The hottest topic in our country right now involves NFL (National Football League) Players kneeling during the United States National Anthem. Colin Kaepernick began kneeling as a protest against police brutality in America. Now other players and entire teams (including the Pittsburg Steelers and Dallas Cowboys) are protesting racial inequality and injustice that still exists in our country today. Opponents to the protests consider kneeling to be disrespectful to the military, first responders, and the United States as a whole. President Donald Trump has added fuel to the fire by suggesting that NFL Owners should fire players who protest. While the country appears to be divided on this political issue, it presents an interesting question for some NFL Team Owners: Can NFL Team Owners fire players for protesting the national anthem?
It is well established that the First Amendment of the United States Constitution protects the rights of free speech, and the right to peacefully assemble. However the First Amendment applies towards the United States government, not private organizations like the NFL. The current debate does not involve any state action, so it is highly unlikely that the First Amendment would preclude any NFL Owner decisions.
The most likely way for NFL Players to defend themselves for protesting would be in their NFL employment contract. If players had contracts that protected their right to free speech within the scope of employment, then they would likely be able to protest the national anthem among other free speech actions. Currently the player’s collective bargaining agreement put together by the NFLPA (National Football League Players Association) gives vast power to the NFL Owners. NFL owners are allowed to fine or discipline players for any actions that diminish public respect for the game. These terms make it highly unlikely that players have any defense for being fired for their actions.
The latest debate regarding NFL Protests brings about significant constitutional, employment, contractual, and civil legal matters. If you or someone you know is facing civil legal issues please contact the Bruner Law Firm. The Bruner Law Firm has served thousands of clients throughout Northwest Florida for over 30 years. The Bruner Law Firm has lawyers who specialize in recovering damages for victims of car accidents, slip and falls, dog bites, boating accidents, motorcycle accidents, and trucking accidents. If you need a personal injury attorney in Fort Walton Beach, Destin, Panama City, Niceville, Navarre, or Crestview please contact the Bruner Law Firm. With offices located in Fort Walton Beach and Panama City, Florida the team of lawyers and legal specialists at the Bruner Law Firm are ready to help!
In the UK, the Law Commission has recently proposed revised rules that would permit a deathbed text message to serve as a legally enforceable will. The proposed rule changes would allow not only text messages sent from an iPad or phone, but also voicemails, and even emails to serve a will that would be enforced by British courts. The rule changes are meant to bring the “outdated” law of wills into the modern era because they are failing to protect the vulnerable. Currently, around 40% of people die without making a will. This proposal aims to clear up much of that by making it easier for people to direct the legal affairs were they to meet an unfortunate end.
It is important to note, that in Florida, no such rule has been proposed, and the formalities for a valid will are very strictly enforced. Rules vary significantly among states and it is highly advisable that one seek consultation from a licensed Florida Bar member before attempting to draft such a document. To reach an attorney licensed to assist in drafting a will, the Florida Bar Referral Service can be reached via telephone at 1-800-342-8011.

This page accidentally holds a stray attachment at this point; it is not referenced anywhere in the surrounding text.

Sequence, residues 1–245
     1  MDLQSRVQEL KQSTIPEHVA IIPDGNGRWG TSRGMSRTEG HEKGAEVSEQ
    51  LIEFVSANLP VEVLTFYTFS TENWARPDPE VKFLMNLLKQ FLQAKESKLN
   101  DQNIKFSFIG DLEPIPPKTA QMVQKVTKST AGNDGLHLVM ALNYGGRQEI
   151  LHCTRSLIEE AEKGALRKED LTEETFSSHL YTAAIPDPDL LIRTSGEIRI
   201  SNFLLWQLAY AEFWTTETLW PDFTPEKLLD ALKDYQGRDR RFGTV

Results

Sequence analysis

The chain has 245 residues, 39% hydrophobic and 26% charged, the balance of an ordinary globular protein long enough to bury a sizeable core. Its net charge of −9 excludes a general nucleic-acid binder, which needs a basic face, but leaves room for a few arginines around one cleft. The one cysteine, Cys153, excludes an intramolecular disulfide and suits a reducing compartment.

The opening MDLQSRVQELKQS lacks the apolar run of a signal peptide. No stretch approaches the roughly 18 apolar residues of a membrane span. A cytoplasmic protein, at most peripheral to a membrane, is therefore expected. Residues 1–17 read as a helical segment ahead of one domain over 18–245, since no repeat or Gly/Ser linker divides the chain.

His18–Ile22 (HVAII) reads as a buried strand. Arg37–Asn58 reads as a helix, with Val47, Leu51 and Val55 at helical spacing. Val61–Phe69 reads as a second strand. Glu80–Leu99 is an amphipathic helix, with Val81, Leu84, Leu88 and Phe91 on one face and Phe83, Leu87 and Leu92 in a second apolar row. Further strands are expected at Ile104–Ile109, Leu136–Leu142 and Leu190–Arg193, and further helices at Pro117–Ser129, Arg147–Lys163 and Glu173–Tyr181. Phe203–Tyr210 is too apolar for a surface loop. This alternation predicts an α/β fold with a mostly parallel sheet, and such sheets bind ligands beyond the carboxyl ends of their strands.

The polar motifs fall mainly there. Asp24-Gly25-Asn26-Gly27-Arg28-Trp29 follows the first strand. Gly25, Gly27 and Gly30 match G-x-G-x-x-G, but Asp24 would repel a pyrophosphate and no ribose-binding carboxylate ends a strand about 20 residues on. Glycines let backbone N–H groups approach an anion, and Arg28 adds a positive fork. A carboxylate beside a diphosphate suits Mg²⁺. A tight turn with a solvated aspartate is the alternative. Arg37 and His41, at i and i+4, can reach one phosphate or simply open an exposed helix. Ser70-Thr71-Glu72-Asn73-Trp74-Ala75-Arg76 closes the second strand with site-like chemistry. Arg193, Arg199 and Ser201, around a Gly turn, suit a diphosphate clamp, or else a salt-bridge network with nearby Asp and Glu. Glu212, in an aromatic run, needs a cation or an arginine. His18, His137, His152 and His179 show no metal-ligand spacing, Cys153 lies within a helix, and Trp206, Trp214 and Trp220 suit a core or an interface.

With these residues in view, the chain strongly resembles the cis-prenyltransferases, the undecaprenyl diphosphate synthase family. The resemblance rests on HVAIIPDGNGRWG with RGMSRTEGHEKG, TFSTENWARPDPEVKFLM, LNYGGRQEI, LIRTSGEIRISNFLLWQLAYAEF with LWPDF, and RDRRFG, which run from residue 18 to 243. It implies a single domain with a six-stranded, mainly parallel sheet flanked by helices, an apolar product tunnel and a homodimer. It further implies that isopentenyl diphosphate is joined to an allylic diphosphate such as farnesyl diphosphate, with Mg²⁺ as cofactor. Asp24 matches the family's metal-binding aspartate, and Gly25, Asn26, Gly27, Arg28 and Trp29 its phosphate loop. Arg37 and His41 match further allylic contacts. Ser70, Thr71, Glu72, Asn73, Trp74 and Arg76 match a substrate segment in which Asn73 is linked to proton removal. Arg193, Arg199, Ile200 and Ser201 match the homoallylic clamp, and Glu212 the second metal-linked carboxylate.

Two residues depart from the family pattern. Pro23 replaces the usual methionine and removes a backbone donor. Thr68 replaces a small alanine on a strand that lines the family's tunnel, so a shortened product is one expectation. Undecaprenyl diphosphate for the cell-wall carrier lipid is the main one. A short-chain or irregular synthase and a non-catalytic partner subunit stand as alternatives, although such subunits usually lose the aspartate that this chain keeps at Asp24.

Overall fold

This Wednesday the State of Ohio filed suit against five big Pharmaceutical Firms alleging that they undersold the risks of potent opioid drugs. Drugs like OxyContin and Percocet are used to reduce pain symptoms in patients, but have led to mass addiction. Attorney General Mike DeWine stated, “We believe the evidence will also show that these companies got thousands and thousands of Ohioans, our friends, our family members, our co-workers, our kids, addicted to opioid pain medications. These drug manufacturers knew what they were doing was wrong, but they continued to do it anyway.”
The State of Ohio claims that big Pharmaceutical companies have caused patients to become addicted since they have not adequately described the risks associated with taking the drugs. DeWine stated, “We believe that the evidence will show that these pharmaceutical companies purposely misled doctors about the dangers connected with pain meds that they produced, and that they did so for the purpose of increasing sales.”
Patients often form physical and psychological dependencies to opioids like OxyContin and Percocet. Once patients are no longer able to obtain the prescribed drugs, they often turn to the street for opioids and sometimes heroin. Big pharmaceutical companies minimizing the risk of addiction in order to increase sales leads to a slippery slope. Some are even comparing these unethical marketing strategies to that of the tobacco companies during the 1990’s.
Have you or someone you know been harmed by addiction to legally prescribed opioid drugs? Have you been wondering how to deal with a problem with prescription pain pills? Were you given adequate knowledge and warnings about the risks related to using legally prescribed opiates? If so you should immediately contact an attorney to seek relief for the potential damages that you have incurred. The Bruner Law Firm has represented thousands of clients in Northwest Florida against major corporations in lawsuits related to personal injuries. If you or someone you know has been injured please contact The Bruner Law Firm by phone (850-243-2222), or visit our office in Fort Walton Beach 0r Panama City. It makes sense to talk to Vince.